Cluster analysis or clustering is the task of grouping a set of objects in such a way that objects in the same group (called a cluster) are more similar (in some sense or another) to each other than to those in other groups (clusters).

Source: Wikipedia

Association rule learning is a method for discovering interesting relations between variables in large databases.

Source: Wikipedia

So both, clustering and association rule mining (ARM), are in the field of unsupervised machine learning. Clustering is about the data points, ARM is about finding relationships between the attributes of those datapoints.

However, I wonder if there are more relationships. For example, given a clustering, can this enhance / simplify ARM or vice versa?


2 Answers 2


First of all, the problem of finding frequent itemsets (ARM) differs from the similarity search (clustering).

If you think about market baskets, clustering tries to find objects that have a large fraction of their baskets in common, the absolute number of those objects (basket occurences) is not of interest. With ARM we are interested in the absolute number of baskets that contain a particular set of items.

CLustering: Allocates objects in such a way that objects in the same group (called a cluster) are more similar (given a distance metric) to each other than to those in other groups (clusters).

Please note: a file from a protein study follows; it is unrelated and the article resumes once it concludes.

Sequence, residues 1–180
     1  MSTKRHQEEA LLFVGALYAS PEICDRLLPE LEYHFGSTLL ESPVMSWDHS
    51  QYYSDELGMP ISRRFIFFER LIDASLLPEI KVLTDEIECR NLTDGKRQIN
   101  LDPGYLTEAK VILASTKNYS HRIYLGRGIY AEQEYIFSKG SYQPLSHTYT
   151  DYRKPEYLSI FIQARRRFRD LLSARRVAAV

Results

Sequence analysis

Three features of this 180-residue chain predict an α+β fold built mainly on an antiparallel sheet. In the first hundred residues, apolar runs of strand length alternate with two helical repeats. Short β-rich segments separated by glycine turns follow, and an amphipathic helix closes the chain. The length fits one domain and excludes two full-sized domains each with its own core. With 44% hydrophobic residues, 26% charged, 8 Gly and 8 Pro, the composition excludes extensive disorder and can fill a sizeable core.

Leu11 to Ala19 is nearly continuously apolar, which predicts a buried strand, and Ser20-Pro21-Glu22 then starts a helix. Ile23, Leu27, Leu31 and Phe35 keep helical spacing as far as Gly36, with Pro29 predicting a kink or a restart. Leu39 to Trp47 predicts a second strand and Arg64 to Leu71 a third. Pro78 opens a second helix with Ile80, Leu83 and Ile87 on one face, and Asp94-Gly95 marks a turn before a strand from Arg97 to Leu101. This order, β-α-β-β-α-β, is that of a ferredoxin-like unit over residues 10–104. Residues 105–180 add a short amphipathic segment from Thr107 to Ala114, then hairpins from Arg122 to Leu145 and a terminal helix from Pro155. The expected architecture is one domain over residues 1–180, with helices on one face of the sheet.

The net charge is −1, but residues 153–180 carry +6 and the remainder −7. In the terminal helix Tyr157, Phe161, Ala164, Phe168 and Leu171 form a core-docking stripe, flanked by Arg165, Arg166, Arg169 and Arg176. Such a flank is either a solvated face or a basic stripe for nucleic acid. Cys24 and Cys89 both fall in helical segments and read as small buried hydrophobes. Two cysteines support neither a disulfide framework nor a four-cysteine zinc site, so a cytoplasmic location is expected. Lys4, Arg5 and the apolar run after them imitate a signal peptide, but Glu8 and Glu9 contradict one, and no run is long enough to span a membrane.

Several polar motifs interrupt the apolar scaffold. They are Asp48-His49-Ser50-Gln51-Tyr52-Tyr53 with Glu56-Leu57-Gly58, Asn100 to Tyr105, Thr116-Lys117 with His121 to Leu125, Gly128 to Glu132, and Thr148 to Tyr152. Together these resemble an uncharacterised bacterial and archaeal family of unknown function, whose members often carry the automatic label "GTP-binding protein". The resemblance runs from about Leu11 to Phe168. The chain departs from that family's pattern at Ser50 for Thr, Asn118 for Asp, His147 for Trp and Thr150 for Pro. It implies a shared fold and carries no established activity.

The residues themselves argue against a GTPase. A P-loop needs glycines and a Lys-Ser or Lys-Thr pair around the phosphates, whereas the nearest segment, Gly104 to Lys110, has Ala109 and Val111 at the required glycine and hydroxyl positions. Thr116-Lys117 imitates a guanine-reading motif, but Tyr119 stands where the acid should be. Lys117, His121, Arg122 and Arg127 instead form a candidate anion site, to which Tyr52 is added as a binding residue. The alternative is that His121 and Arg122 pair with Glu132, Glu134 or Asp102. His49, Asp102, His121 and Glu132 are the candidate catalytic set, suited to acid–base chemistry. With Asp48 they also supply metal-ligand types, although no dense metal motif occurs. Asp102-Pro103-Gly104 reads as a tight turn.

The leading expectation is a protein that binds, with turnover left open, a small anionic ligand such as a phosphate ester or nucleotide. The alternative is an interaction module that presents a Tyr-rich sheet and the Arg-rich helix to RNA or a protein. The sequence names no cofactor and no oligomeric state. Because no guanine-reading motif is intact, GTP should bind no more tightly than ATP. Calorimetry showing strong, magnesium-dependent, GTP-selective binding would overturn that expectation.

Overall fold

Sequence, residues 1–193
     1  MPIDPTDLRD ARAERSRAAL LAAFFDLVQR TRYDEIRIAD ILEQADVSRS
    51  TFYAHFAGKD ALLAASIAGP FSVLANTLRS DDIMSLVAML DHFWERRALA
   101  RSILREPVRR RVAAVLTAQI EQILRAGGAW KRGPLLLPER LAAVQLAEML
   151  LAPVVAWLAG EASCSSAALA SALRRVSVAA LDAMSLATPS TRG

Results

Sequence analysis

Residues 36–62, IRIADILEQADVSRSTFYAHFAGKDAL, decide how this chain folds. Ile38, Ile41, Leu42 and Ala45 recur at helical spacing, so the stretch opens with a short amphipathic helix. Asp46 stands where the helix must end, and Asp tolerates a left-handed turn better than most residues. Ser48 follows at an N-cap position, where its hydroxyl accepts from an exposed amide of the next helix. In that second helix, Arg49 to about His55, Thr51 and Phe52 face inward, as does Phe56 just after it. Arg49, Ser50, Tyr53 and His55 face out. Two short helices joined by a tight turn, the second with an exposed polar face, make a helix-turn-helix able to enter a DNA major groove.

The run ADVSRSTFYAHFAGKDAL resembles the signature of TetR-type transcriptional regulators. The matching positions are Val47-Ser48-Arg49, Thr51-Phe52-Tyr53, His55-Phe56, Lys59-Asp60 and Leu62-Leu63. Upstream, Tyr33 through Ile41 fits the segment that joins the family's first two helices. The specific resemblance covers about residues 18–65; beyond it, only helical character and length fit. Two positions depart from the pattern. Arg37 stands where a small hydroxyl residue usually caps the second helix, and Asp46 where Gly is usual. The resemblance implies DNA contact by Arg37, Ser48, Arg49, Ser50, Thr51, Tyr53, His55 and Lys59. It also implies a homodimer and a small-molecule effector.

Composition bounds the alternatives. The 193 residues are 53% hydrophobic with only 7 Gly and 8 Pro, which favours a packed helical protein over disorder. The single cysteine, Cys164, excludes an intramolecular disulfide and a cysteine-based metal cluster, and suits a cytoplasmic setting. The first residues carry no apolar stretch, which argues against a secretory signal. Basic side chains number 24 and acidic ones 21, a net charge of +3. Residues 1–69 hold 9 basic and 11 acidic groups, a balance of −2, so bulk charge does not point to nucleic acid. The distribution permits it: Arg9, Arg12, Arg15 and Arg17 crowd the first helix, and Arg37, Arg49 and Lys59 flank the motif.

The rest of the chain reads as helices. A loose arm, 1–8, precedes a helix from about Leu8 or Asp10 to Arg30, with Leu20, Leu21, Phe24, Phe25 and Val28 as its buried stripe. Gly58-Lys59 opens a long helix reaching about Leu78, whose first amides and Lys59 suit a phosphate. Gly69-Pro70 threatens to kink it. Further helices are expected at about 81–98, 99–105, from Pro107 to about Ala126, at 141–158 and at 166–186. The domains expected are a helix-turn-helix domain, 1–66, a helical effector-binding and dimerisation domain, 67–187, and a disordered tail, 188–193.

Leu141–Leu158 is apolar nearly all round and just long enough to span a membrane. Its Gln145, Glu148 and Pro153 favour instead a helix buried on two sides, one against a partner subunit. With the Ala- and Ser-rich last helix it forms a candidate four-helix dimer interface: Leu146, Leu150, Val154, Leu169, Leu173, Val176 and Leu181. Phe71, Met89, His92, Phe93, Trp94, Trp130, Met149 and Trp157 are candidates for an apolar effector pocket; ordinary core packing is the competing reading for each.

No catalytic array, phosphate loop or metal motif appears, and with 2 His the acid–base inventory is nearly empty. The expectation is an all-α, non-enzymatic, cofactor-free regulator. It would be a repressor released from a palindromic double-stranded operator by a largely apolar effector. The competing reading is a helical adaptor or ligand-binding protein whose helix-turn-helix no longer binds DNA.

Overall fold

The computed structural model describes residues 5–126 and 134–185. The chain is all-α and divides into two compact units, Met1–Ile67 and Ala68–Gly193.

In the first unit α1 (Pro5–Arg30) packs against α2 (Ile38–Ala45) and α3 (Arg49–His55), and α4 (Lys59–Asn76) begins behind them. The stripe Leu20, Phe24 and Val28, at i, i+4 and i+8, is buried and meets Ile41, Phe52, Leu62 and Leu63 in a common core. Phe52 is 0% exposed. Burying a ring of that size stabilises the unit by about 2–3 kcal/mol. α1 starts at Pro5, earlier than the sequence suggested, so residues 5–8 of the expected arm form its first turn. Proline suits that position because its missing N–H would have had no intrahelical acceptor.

ARM: Given many baskets (could be actual supermarket baskets) find which items inside a basket predict another item in the basket.



The paper

Marie Plasse et al: Combined use of association rules mining and clustering methods to find relevant links between binary rare attributes in a large data set. Link

combines both, clustering and association rule mining. They could improve ARM by association rule mining. From the abstract:

A method to analyse links between binary attributes in a large sparse data set is proposed. Initially the variables are clustered to obtain homogeneous clusters of attributes. Association rules are then mined in each cluster. A graphical comparison of some rule relevancy indexes is presented. It is used to extract best rules depending on the application concerned. The proposed methodology is illustrated by an industrial application from the automotive industry with more than 80 000 vehicles each described by more than 3000 rare attributes.


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